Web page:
Just burn it.
But her hands were already unfolding it, like the fool in the story who couldn’t help but lift the forbidden veil.
It was badly printed. That was the first thing she noticed, even before her mind registered the characters on the page. Half of them were blurred meaningless, anyway.
A Bloody Crop From Bloody Roots, read the column with the largest type, the words encased in a muddy red line. Another headline read The Death Toll— the rest of the characters were illegible. Judging from the text, even though much of it had been blurred by water and dirt into spidery black lines, it was about said death toll increasing. It went on and on about “your children coming back in urns” and “Earth Kingdom citizens dying— (a stain there) —the thousand”.
She stopped reading, so much heat flowing under her skin that every nerve felt like a red wire and for a second she was sure the paper was going to erupt in flames. How could anyone write such rubbish? Of course soldiers died—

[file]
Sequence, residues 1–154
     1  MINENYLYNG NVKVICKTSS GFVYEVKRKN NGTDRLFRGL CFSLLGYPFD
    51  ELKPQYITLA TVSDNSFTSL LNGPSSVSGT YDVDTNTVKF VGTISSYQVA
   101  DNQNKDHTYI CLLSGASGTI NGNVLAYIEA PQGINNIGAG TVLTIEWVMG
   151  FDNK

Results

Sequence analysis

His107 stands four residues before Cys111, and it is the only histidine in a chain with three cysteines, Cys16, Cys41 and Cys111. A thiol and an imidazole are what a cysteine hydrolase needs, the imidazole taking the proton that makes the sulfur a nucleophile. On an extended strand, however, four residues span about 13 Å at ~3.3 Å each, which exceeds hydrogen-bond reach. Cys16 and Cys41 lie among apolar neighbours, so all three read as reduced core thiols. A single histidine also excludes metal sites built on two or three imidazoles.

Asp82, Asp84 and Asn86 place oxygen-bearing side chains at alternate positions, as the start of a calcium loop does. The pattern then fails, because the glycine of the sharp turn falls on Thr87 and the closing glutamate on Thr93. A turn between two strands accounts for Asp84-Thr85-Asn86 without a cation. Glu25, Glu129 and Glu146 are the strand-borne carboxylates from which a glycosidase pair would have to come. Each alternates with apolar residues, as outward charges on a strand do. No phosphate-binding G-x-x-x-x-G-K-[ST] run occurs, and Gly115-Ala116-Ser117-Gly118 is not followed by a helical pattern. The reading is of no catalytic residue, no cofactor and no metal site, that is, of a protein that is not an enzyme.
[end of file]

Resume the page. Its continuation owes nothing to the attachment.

he came back wrong
—in any war, that was why you could apply to exempt a relative from the Lottery if you volunteered for the front, but they certainly didn’t kill civilians. All the Earth Kingdom soldiers had to do was surrender. And what kind of people wouldn’t surrender?, she thought with a flash of anger. What kind of people wanted to fight for hunger, and—
—strife, and poverty, and barbarism, and the rule of warlords and bandits? What kind of people didn’t think that risking their lives—
a different man
—was a fair price to pay to end all that, to have a world united and at peace?
Cowards. No, worse than that. Traitors. Saboteurs. Spies.